Which is why the casting of Amanda Bearse in the role of Amy is so brilliant. Seen now, years after she has come out, it only furthers the gay text of the film. But even ignoring that, Bearse's Amy is a very tomboyish character. She keeps her hair short and wears bulky, mannish clothing for most of the film. Her vampiric transformation, in contrast to Ed's enhanced sense of camp, transforms her into a slinky, long-haired seductress, the stereotypical "sexy female vamp" of so many films. It's a ludicrously oversexed and overdone vision of heterosexuality, in contrast to the relatively normative homosexual relationship of Jerry and Billy.
However, since this is a commercial film, and since this is a horror film, the monstrous queers must be dispatched. Peter Vincent successfully defeats Ed, in a scene ending with a protracted transformation sequence in which Vincent is overcome with sympathy for the boy he has just killed, and together Peter and Charlie dispatch first Billy and then Jerry, who never, it seemed, had the good sense to simply brick up the two dozen windows in his basement, rather than simply paint them black or put heavy curtains in front of them. No, it simply wouldn't be a vampire film at all if one of the more stupid and contrived plot devices of the genre wasn't present. But, not only are the queers killed and heteronormativity restored, but Charlie finally gets to go all the way with his handsomely boyish girlfriend. So heteronormativity is really restored. Though, tellingly, a hint does exist of at least one gay survivor, still in the shadows.
Of course she rides a scooter...
Fright Night is an interesting film for me, not just because of this playing with gay themes that it does so thoroughly. It also represents a kind of response to what were prevalent themes in horror at the time. Supernatural horror, especially of the "classic monsters" kind was, as it largely is now, out of fashion. Vincent's line about "demented madmen in ski masks" was as true then about the audience's taste in horror as it is today. The rise of the "gore and torture" films in recent years was mirrored in the early eighties by the masked slasher films. Fright Night was an attempt to return the supernatural elements to the horror genre, in an entertaining way, updated for contemporary sensibilities. As opposed to the peculiarly anti-sex and anti-pleasure themes of the slasher movie, writer/director Tom Holland makes a case for the sensual pleasure of the supernatural, as well as emphasizing the sense of fun and humor that those films had, as opposed to the grim seriousness of the gore genres.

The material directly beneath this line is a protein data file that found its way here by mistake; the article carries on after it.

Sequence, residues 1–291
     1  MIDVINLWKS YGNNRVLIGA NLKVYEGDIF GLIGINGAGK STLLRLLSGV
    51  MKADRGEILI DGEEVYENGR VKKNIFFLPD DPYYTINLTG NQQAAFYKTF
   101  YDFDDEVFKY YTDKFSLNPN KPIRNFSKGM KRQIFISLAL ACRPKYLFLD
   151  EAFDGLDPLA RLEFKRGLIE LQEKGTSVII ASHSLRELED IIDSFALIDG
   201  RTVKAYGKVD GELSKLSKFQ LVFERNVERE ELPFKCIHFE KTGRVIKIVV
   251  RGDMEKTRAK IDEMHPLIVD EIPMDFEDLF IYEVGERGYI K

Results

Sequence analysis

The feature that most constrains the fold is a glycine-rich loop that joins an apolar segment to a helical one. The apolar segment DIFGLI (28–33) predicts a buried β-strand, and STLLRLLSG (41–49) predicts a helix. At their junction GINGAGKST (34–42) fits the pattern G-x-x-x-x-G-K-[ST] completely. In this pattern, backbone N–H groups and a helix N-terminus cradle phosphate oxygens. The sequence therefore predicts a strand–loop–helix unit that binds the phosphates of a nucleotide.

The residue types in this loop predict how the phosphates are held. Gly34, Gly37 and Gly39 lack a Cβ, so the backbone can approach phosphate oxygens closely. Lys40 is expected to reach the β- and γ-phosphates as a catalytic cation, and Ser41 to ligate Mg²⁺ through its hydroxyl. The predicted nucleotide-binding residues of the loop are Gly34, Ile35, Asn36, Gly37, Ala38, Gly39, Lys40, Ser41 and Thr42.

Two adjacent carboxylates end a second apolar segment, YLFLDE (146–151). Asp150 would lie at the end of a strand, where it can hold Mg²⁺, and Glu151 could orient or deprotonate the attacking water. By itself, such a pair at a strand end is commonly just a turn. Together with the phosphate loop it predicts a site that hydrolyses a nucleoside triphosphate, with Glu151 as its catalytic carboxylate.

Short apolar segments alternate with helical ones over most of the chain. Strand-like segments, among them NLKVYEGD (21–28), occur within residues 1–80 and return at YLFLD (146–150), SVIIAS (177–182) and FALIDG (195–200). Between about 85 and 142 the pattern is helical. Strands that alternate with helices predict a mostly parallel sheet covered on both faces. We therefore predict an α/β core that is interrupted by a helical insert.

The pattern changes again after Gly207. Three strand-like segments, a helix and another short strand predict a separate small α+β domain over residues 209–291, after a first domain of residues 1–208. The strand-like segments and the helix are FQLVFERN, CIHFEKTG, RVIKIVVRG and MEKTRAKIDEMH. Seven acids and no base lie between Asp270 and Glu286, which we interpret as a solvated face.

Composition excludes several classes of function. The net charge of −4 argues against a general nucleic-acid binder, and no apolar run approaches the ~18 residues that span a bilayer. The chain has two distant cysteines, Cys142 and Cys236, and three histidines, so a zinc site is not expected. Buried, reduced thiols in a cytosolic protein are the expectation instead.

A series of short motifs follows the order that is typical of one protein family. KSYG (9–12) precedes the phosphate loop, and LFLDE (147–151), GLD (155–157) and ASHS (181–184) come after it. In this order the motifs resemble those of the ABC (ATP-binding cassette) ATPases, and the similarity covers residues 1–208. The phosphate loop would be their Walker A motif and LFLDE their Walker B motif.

"Welcome to Fright Night. For real."
In contrast to your typical tired and schlocky vampire, Chris Sarandon as Dandridge manages to make him appealing and sinister. He plays up the camp and queer undertones without ever allowing them to degenerate into a fag joke or an explicit condemnation of Dandridge for homosexuality. While largely dismissed at the time of it's release, the playing that Holland and his cast do with the conflict between "classic" monster themes and modern sensibilities and the coded gay subtext of the horror genre are still remarkable, and have not really been duplicated, or rarely even attempted to this day.
It's been awhile since I picked on comic's biggest Batman wannabee (outside Moon Knight), Green Arrow.
Oh, so that's not very good at flattery at all, then? Also, "morale builder"? Easy there, Ollie. Blatant sexual harassment is Hal's job on this team!
Yes, but what does the public at large think of Black Canary's ability to boost "morale?"
Why, yes, of course...every time I see a pretty girl, my first thought is "I bet she's some sort of agent here to overthrow the government" as well.
Anyway, this is the real gem of Justice League of America #77 (the issue where Snapper Carr sells out the team). It's something, in these days of over-sensitive fans, nerd rage, and fan entitlement you'd never see. A letter demanding the death of a character.
Such fury! Granted, given that it's Green Arrow, it's not like any of the points cited are incorrect.
And what does Ollie have to say in regards to all this vitriol being directed at him?
Elephantmen #3 by Richard Starkings, Tom Scioli, Nick Filardi and Moritat The series of short sci-fi tales tying into Starkings and Ladronn's Hip Flask series continues, with two stories showcasing the characters of Hip Flask and Ebony Hide. The lead story is a gory morality tale about the black market demand for Elephantmen illustrated in Scioli's Kirby-inspired art-style. It's a short but compelling piece that makes the book worthwhile, as the back-up story, though nicely illustrated, serves essentially as an extended introduction to the character of Miki, without actually revealing too much about her.
What Were They Thinking Monster Mashup by Giffen, Casey, Church, Stokes and several artists not in a posistion to complain
Read this review if your name is Kevin Church: This is vile, unfunny, disgusting work that pissed on the contributions of men whose boots a shiftless dilettante like Church is not fit to lick. Read this review if your name is NOT Kevin Church: The torrid psycho-sexual subtext of this Silver Age monster tales is brought to the surface by a group of talented and funny writers. Boom's various remix projects are the best of the recent trend, and the stories work precisely because they revel in the goofiness of the source material. Church aquits himself well in his published comics debut, and I'm not just saying that because he's a friend, because I would never tell him that because his head is swelled enough as it is.
Lots of manga releases that appealed to me came out this last week. I feel a large manga review post coming up. I was particularly struck by the release of both Densha Otoko and Welcome to the NHK, as both deal with somewhat similar subject matter, but one goes off in an ultimately hopeful and optimistic direction while the other delights in tearing up its subject.